About a year ago (March 2020) We needed a line chart that can do the following:
Allow the viewer of the report to change the Y axis scale on the fly
Allow the X axis to be placed near the top of the chart
Have the ability to invert the Y axis*
When we started, we didn’t want to reinvent the wheel, so we searched first but couldn’t find a chart on the App Source marketplace that could do all of these thing I listed above*. So we started creating our first custom Power BI Chart Visual: CHARTURO
A new Small Multiples visualization feature has been released for public preview in Power BI. I was thrilled to see this first announced on the roadmap and am looking forward to putting it through its paces now that it is out in preview.
“Small Multiples” use multiple similar views to show different partitions of a dataset. Small multiples are sometimes called trellis or grid charts and until now, you have had to use custom visuals or some SVG tricks to get the functionality in Power BI. Continue reading “Power BI Small Multiples Preview Feature”
We are happy to announce that in December 2020 Mi4 released an update to theProduction Review Dashboard with new features and functionality. Thisdashboard is available to all Productioneer customers andallows oil and gas organizations to efficiently aggregate and analyze oil and gas production across a diverse collection of assets quickly and efficiently in one report.
The Production Review Dashboard offersoil and gas companiesa modern dashboarding tool without procuring any software licenses orbuilding it in house.
Date and time values have been the bane of programmers’ existence since Pandora opened a box several millennia back……at least it feels that long. I wanted to share with you how we implemented flexible date parameters for an Azure Data Factory pipeline in a recent project.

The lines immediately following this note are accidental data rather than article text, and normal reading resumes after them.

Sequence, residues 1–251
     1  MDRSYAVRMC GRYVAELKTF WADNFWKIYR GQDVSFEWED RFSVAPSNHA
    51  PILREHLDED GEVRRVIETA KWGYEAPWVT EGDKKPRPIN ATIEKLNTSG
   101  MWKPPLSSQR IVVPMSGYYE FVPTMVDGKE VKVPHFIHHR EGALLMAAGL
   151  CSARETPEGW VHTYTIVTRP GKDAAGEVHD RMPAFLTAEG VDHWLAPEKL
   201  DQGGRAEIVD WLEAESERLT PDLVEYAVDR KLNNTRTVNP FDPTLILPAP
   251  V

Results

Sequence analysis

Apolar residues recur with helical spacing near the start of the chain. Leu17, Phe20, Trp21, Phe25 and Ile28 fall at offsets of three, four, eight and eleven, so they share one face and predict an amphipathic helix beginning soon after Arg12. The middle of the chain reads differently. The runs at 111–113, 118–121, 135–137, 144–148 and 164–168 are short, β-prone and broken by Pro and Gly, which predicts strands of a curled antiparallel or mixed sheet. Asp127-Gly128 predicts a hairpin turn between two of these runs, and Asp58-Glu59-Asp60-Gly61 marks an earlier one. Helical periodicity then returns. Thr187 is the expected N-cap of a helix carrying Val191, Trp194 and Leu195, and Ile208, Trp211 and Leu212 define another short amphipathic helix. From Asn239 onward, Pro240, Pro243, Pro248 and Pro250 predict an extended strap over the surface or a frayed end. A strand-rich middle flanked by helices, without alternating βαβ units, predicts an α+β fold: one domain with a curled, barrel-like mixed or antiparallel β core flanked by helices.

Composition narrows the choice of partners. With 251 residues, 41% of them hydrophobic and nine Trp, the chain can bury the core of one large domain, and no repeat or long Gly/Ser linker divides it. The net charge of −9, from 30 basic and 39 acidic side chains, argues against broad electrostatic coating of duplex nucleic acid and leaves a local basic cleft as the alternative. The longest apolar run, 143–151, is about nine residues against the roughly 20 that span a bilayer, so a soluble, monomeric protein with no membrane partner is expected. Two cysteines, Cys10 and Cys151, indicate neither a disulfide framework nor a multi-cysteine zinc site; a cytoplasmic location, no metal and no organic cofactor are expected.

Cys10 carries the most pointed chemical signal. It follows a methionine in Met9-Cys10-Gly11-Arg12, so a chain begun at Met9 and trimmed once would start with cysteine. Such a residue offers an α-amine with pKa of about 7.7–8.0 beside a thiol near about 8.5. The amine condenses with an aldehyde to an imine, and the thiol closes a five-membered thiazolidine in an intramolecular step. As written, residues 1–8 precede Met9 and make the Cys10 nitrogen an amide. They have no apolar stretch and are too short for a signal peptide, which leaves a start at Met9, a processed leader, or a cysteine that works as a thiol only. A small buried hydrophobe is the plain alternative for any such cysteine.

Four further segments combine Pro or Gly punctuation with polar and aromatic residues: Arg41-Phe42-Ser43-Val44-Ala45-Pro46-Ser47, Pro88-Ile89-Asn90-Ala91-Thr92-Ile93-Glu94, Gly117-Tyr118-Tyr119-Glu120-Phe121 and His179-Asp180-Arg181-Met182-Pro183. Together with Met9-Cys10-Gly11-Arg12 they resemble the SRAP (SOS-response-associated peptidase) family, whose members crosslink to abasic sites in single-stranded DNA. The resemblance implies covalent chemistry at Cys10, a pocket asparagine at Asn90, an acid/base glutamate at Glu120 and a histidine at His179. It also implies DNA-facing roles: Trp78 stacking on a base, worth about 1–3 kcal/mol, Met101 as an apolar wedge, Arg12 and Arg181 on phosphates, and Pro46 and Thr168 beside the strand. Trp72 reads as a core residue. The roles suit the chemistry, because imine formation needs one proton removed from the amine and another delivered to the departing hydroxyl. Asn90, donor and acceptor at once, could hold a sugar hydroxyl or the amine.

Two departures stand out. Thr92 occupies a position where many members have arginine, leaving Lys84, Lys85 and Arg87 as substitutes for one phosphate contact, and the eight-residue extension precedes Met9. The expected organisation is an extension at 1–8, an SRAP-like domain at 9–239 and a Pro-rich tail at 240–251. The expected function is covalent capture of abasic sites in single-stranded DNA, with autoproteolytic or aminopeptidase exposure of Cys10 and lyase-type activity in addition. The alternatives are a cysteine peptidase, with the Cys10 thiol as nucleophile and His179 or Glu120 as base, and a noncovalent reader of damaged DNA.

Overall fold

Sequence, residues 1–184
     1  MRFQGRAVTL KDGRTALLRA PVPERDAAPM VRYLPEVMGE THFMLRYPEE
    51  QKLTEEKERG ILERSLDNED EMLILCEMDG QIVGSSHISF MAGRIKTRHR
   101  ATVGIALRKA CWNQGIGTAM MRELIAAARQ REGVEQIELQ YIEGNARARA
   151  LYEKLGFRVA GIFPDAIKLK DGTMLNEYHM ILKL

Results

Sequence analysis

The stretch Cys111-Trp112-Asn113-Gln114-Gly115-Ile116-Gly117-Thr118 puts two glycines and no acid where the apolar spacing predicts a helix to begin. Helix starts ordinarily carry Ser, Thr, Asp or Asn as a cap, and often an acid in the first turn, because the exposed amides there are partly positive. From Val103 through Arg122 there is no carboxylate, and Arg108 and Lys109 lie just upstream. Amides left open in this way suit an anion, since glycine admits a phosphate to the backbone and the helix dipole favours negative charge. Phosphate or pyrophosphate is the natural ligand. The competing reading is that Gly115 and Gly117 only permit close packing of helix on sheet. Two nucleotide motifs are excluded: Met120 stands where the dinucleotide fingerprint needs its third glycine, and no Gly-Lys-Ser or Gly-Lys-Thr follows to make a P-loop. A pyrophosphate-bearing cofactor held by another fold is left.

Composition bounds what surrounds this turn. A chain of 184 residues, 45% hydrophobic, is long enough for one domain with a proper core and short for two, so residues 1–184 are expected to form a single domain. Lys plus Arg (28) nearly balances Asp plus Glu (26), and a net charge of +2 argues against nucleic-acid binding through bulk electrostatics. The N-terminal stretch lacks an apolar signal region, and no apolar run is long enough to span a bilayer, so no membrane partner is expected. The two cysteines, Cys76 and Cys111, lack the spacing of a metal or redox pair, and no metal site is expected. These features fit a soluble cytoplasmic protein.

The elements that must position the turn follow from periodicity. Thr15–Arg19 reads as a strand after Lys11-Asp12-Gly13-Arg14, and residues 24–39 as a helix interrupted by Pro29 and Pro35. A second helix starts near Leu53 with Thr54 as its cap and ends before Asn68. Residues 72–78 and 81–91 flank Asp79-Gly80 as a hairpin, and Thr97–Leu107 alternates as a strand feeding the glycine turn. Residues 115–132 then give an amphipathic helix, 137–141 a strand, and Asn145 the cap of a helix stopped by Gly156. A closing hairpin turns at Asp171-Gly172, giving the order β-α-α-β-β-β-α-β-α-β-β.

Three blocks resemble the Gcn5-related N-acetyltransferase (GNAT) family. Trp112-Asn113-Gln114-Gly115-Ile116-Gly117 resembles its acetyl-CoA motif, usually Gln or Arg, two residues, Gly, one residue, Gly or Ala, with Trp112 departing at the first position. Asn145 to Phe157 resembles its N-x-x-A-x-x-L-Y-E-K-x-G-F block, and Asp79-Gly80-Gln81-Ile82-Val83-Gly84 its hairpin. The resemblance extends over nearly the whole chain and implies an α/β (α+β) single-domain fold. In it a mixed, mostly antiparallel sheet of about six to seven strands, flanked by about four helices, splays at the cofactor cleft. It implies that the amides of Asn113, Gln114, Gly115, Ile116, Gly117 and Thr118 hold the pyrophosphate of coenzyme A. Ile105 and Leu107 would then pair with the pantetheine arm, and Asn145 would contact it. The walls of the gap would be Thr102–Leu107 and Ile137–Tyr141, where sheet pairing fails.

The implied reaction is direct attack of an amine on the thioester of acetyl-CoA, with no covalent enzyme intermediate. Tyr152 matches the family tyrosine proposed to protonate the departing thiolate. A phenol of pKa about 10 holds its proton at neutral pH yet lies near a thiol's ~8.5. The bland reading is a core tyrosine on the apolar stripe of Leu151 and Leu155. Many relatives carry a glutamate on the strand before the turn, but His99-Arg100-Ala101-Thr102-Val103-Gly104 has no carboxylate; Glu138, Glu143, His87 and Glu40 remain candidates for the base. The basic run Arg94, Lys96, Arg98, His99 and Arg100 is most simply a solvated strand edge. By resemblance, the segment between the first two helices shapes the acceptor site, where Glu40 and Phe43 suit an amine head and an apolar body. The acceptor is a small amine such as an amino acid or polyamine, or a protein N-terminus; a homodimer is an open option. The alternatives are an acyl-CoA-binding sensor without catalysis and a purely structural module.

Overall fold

Productioneer has an extensive paginated report library for our customers to utilize. We have everything from simple data exports to paginated reports that highlight variances and trends.
One of the reports we have had in our library for quite a while, is the Tank Stock report. The user selects a day and the report returns the tank stock and tank production for each tank in the organization for the selected day. It aggregates the stock and production at the tank, battery, field, and organization level and provides the tank strappings (feet and inches) for each tank. It is a standard and widely used report and I know it has not had any significant changes requested to it for at least 3 years.
Disclaimer: Mi4 is not affiliated with Enverus. Mi4 does not endorse or recommend any particular data subscription service.
Mi4 has helped many of our clients integrate data from data subscription services into their own projects and data initiatives. One of the many subscription services we have implemented solutions around is Enverus Drillinginfo’s Direct Access API. The Direct Access API allows Enverus customers with DI Plus subscriptions to access Enverus’ extensive collection of public data and bring it in-house.
TL/DR: Check out our C# Classes and SQL scripts for the Enverus Drillinginfo Direct Access API on our GitHub.
As an end-user of a Power BI report, a chart that looked great at first might look not so great once you start applying filters or using slicers. Very large values in the data might throw off the scales and now your line chart might be suddenly all squeezed at the top or the bottom. Does any of the above sound familiar?
Usually it’s the report designer who has all the power, this article is about giving more power to Power BI end users…
End users’ ability to change the scale, appearance or formatting of that chart is limited. That’s why I started creating the Mi4 Line Chart Power BI custom visual that lets you switch scales on the fly, and eventually have more overall control of the visual without having to edit the report.
As we wrote about earlier this month, the Texas Railroad Commission (RRC) released a treasure trove of data freely available to the public on their site. It was like Christmas in the Mi4 office. After we sang some carols and drank some hot chocolate, we realized that there was so much data. We didn’t know where to start.
Christmas in September
As my colleague @Talal wrote last week, we decided to get Lat/Long coordinates for every Texas well. In his post, he explained, there are many use cases for this data, so it seemed like an excellent place to start.